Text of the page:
This May Day, people across the country will strike and take to the streets to protest the Trump administration’s attacks on immigrants and workers. Called “A Day Without Immigrants,” the strike and protests are being organized largely by immigrant and worker-led groups such as Cosecha and the Food Chain Workers Alliance.

Recently, students, staff, faculty, and administrators at universities across the United States have circulated a pledge to join in. “In the face of a climate of increasing bigotry and violence, we call on the university community to engage in a moratorium on business as usual and take action in solidarity with the immigrant worker strike on May Day.” The pledge is supported by, among others, Linda Martín Alcoff (CUNY), Cinzia Arruzza (The New School and International Women’s Strike), Judith Butler (UC Berkeley), Frances Fox Piven (CUNY), Nancy Fraser (New School for Social Research and IWS), Donna Haraway (UC Santa Cruz), Keeanga-Yamahtta Taylor (Princeton University and IWS), and Cornel West (Harvard University, Princeton University).

The Nation has partnered with the International Women’s Strike to promote the call to strike in universities on May Day. If you’re a student or work for a university, you can read and sign the pledge below.

We face a moment of great uncertainty. Elements of the social safety net and basic rights provisions are being rescinded and amended more swiftly than they can be challenged through traditional legal and legislative interventions. Millions of immigrants live under daily threat of separation from their families and communities by intensified ICE raids.

Many of the attacks we face directly affect the university. The arts, humanities, and sciences face not only funding cuts but an assault on the concept of free inquiry itself. Climate change data is being removed from the public domain, university budgets are being held hostage by state governments and the threat of political retaliation by the federal government, white supremacists have been emboldened to commit hate crimes on our campuses, and basic facts have diminishing import in the national debate.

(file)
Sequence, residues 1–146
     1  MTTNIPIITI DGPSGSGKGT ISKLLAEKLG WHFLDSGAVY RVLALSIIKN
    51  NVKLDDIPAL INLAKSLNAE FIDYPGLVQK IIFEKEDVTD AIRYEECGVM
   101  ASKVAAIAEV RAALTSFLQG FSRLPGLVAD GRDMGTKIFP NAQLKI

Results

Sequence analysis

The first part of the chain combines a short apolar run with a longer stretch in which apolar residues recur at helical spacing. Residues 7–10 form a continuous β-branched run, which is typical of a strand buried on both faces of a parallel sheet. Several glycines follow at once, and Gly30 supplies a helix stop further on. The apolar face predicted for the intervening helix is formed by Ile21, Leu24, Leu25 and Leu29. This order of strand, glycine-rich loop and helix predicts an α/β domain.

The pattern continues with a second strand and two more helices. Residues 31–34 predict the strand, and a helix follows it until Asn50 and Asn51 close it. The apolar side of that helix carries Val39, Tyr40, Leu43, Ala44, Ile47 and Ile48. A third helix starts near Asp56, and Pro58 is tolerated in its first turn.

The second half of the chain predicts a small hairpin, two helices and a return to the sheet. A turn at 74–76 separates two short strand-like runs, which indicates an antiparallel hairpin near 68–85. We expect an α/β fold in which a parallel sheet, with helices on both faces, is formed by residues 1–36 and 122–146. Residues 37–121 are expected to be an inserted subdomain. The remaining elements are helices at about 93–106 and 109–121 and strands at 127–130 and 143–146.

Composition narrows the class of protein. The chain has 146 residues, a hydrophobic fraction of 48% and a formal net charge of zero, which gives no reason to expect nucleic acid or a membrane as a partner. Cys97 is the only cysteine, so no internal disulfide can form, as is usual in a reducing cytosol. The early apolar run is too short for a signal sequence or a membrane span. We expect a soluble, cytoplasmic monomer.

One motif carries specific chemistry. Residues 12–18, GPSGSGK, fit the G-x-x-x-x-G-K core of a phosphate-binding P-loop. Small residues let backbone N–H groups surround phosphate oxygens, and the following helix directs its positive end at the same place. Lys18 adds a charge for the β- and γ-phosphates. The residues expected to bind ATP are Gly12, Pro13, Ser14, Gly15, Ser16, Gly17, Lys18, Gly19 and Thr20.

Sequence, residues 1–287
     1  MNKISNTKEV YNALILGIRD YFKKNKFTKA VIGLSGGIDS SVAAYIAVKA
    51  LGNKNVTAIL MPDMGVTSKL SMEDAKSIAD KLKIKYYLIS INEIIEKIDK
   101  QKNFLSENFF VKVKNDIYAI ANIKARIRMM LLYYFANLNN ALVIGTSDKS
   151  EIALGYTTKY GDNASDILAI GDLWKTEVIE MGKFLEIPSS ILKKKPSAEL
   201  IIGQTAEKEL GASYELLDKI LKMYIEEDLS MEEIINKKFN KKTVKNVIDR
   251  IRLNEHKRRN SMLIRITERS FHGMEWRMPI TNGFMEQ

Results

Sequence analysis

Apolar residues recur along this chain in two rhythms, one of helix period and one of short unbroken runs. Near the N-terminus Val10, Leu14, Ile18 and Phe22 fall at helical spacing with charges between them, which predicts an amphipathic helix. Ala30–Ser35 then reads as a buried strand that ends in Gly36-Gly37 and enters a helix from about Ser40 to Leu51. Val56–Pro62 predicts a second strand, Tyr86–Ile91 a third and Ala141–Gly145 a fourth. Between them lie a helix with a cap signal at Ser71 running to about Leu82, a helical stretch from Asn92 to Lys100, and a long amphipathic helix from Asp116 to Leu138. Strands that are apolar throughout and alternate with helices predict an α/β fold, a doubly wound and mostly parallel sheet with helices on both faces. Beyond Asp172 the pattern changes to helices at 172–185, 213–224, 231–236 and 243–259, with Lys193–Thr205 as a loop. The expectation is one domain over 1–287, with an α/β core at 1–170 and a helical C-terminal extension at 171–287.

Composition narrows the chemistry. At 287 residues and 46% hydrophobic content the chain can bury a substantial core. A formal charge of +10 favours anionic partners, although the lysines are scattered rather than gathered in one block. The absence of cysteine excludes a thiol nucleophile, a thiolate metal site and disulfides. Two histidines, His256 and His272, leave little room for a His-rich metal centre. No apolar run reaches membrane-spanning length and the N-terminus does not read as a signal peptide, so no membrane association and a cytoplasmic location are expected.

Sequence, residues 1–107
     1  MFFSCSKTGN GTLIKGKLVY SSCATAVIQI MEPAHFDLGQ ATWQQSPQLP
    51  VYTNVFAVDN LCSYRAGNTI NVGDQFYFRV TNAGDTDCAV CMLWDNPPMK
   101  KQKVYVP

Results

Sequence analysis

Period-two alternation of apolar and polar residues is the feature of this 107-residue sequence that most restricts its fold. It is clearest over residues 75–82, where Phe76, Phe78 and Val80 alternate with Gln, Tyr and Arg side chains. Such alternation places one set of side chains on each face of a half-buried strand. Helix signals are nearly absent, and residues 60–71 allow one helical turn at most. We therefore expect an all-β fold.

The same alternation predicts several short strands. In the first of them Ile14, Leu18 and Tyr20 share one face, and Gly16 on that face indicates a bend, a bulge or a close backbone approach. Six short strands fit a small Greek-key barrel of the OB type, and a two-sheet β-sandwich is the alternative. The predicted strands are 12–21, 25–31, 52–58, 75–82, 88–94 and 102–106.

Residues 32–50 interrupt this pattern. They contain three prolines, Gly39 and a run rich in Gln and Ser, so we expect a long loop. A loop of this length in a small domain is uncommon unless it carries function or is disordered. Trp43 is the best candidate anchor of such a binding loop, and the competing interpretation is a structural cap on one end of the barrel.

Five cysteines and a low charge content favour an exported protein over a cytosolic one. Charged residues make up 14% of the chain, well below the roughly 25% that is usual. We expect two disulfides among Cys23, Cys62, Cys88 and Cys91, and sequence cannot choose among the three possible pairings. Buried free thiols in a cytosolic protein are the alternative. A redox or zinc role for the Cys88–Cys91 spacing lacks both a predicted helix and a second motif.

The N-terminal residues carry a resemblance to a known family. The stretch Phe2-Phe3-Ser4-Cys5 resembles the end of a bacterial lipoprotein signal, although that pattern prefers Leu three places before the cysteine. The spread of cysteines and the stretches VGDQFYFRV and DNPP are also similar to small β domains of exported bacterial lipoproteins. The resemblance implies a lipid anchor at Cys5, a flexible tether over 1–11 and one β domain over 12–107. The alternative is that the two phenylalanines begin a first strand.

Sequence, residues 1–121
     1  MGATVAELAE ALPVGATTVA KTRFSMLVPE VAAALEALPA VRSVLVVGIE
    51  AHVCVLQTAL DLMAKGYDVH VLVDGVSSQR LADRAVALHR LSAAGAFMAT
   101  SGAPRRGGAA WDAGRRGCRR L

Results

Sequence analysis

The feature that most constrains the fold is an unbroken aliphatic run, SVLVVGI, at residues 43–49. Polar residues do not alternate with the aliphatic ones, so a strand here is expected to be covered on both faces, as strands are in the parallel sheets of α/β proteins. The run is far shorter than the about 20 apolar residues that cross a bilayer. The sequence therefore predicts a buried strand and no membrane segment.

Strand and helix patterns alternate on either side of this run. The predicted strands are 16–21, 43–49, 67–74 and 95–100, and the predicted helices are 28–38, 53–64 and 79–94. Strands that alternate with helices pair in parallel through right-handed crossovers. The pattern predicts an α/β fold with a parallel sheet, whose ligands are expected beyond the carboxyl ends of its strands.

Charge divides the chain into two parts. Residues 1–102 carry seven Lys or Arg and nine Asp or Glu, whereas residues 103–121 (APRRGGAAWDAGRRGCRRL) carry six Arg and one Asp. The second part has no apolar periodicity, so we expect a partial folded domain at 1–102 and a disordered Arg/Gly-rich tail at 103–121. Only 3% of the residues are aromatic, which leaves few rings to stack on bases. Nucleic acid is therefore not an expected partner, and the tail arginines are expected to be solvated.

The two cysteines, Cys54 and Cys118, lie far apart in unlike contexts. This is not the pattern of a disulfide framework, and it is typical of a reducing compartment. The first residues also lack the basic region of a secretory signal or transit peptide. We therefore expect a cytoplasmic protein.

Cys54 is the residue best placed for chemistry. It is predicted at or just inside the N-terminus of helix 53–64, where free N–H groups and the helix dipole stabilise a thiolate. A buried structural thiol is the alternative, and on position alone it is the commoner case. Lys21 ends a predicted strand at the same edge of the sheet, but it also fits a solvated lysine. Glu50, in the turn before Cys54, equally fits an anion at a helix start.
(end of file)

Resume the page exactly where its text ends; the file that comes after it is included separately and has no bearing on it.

May Day 2017 will be a day of struggle against the Trump administration and the structural conditions under which it originated. A day in which workers across the country, waged and unwaged, will strike, march, rally, boycott, and make our voices heard against the sexism, racism, xenophobia, and homophobia of this administration and against the global system of production that makes it possible. This charge will be led by immigrant workers, hundreds of thousands of whom have already pledged to strike, with several hundreds of thousands more expected, in what could be one of the largest strikes in US history.

We call on the academic community to live up to the promise of higher learning by halting business as usual on May Day as an act of solidarity. While the nation’s workforce pauses to engage in a day of action, universities must pause as well; for staff, adjuncts and student workers on our campuses know well the severity of neoliberal policies and the precarization of work conditions, while students are already facing the terror of ICE raids.

We call on universities nationwide to engage in a moratorium on university operations this May Day so that students, staff, and faculty—domestic and international, documented and undocumented—can engage in a day of demonstrations and teach-ins in solidarity with A Day Without Immigrants. We call on university administrators and faculty to cancel classes, close offices, and postpone maintenance to demonstrate our solidarity with immigrant workers and our support for thoughtful strategies of resistance.

As administrators, we pledge to place a moratorium on all normal university operations to allow faculty, staff, and students to participate in this momentous day of civic engagement, with pay and without retaliation.

As faculty, we pledge to hold teach-ins or join our students participating in protests in lieu of regular coursework

As staff, we pledge not to work and to afford our student workers the same opportunity.

As students, we pledge to attend teach-ins, demonstrations, and marches instead of classes.

And as members of the university community as a whole, we pledge to take action to defend all those who face retaliation for their participation in the moratorium and other May Day strike actions.

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